Phishing, hacking, malware tricks, remote access jigs. Ways for scammers to relieve Australians of their hard earned are seemingly limited by imagination alone.
But with Christmas just around the corner, the unscrupulous are honing their attention on how to target the kind-hearted, charity officials say.
The latest Scamwatch data reveals almost 700 reported cases of scammers posing as charitable organisations in just nine months.
Most commonly, they've done so by phone or email, while others have infiltrated social networking or other online forums and some still relied on the tried and trusted method of plying their deception in-person.
With almost a third of Australians willing to donate upwards of $3.75 billion to charities annually, the pickings are healthy.
It's all too common for scammers to pose as a charity or claim to be collecting for one but donors need to beware, says Australian Charities and Not-for-profits Commissioner Dr Gary Johns.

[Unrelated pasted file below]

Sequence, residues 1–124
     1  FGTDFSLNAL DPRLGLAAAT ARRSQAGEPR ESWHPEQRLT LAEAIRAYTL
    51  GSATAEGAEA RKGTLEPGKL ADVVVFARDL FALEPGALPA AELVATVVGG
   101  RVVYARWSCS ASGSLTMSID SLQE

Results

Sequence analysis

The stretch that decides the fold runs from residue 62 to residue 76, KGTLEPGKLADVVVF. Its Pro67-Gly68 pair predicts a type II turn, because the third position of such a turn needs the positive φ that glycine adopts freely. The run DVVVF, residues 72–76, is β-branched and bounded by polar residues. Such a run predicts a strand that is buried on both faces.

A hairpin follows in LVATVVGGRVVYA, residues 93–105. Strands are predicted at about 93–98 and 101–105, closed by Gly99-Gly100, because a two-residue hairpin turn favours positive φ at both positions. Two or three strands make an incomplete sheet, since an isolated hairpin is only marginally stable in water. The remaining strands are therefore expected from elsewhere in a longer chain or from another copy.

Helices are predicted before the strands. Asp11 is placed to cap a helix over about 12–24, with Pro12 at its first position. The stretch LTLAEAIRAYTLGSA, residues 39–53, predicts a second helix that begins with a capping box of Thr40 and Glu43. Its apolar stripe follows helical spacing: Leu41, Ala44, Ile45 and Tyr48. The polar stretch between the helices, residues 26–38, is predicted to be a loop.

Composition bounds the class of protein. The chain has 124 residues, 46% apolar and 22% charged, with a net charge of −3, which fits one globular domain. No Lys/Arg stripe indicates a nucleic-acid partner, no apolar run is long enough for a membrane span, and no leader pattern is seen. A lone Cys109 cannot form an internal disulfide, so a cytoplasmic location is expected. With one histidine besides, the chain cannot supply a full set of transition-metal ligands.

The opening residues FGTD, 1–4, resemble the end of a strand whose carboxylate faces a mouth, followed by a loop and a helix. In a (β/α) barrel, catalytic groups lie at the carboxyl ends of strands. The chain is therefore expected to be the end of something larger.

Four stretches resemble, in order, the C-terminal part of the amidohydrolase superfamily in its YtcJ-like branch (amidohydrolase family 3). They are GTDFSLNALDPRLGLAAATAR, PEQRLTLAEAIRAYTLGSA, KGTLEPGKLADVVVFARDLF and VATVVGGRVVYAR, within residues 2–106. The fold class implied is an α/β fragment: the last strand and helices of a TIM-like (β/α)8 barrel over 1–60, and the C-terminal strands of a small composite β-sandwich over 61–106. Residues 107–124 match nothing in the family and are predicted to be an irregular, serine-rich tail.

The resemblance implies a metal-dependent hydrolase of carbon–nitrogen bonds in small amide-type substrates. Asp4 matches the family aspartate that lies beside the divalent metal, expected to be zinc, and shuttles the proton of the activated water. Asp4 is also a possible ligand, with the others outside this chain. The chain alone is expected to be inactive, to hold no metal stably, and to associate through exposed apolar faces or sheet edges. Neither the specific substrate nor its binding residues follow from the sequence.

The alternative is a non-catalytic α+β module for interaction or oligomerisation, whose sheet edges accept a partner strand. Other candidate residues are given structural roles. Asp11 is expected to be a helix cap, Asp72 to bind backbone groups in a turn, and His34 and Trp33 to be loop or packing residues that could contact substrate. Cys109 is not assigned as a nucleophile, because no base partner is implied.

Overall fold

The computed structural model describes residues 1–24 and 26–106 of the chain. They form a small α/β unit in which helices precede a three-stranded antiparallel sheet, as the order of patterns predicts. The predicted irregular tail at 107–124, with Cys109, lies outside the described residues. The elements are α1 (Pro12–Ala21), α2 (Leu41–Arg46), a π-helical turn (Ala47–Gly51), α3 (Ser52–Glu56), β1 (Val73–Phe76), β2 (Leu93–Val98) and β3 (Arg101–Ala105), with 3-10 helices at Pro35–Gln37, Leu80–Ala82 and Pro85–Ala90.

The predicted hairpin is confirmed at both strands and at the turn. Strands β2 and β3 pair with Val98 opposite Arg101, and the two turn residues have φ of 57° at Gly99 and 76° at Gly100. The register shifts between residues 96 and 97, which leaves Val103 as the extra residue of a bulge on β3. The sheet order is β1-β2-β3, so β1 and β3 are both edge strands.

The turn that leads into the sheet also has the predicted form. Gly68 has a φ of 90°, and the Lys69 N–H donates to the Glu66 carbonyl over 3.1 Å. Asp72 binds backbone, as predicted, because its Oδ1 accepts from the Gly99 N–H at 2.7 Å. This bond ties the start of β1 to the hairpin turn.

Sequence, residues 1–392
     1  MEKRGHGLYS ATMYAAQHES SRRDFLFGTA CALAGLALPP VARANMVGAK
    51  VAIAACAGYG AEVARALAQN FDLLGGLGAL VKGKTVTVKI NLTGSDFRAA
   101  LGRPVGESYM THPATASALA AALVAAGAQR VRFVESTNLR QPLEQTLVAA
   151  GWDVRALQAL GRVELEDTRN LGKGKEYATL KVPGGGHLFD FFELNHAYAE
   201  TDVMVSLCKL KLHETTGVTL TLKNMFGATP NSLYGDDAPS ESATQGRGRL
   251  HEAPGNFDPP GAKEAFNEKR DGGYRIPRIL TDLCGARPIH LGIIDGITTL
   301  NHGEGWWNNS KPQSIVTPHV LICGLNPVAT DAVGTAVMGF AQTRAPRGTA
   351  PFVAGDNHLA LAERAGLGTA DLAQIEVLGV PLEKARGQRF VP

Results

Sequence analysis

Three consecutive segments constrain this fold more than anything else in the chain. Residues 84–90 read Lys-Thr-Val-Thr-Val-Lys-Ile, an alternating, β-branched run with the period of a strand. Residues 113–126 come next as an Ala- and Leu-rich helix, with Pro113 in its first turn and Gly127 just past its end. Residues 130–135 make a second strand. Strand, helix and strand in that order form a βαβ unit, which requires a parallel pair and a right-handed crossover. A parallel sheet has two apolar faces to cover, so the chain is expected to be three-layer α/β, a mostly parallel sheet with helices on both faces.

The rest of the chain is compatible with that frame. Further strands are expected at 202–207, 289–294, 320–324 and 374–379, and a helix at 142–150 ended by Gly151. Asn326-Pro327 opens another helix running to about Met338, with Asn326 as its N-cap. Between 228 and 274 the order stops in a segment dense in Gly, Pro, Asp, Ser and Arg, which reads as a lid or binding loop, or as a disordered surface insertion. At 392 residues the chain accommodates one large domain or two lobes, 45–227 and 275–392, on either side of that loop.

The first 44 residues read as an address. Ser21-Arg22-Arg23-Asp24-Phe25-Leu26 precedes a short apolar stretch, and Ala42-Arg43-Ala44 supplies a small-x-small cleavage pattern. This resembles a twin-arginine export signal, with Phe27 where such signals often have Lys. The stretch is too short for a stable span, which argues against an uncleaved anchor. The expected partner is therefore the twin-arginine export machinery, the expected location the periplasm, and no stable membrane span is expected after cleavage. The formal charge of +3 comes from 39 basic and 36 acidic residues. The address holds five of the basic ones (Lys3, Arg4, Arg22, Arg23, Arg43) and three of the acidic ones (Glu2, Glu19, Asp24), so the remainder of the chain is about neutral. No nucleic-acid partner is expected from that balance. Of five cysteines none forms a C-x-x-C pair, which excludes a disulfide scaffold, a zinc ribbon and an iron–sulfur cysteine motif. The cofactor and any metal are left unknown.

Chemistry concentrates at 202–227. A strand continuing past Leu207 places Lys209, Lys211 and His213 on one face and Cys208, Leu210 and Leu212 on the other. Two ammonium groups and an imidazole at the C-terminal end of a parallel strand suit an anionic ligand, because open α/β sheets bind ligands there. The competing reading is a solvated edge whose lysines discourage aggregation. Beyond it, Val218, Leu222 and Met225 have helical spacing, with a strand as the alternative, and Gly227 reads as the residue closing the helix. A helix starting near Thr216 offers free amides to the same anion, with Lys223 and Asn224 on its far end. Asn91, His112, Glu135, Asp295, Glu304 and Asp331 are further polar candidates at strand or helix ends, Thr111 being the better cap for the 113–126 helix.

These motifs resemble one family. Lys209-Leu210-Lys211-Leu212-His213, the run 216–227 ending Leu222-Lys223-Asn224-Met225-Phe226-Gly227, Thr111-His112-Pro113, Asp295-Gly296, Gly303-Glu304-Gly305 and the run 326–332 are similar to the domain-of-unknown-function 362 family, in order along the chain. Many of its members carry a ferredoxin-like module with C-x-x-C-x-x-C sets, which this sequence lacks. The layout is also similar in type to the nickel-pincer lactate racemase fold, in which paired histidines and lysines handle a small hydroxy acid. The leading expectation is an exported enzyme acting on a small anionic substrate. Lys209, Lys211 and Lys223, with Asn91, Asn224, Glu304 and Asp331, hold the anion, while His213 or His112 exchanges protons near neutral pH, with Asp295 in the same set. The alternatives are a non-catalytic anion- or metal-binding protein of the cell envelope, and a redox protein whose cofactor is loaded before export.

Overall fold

"As we emerge from lockdowns and head into the festive season, naturally we want to be generous and support Australian charities, especially after all they have done to help us get through the past couple of years," he said.
"We know many Australians are still doing it tough and will turn to them for a Christmas lunch, food for the pantry or a gift for their child. They truly deserve our support."
But before putting their hands in their pockets, Dr Johns says people should check the ACNC charity register.
It's something more Australians are doing - five million times, in fact, over the past 12 months.
People are advised not to click on links in unsolicited emails and social media posts but rather find the charity's website in a search engine or on the charity register.
Instead of accepting charity phone calls, people can also search the register and call back on the number shown there.
Australian Associated Press
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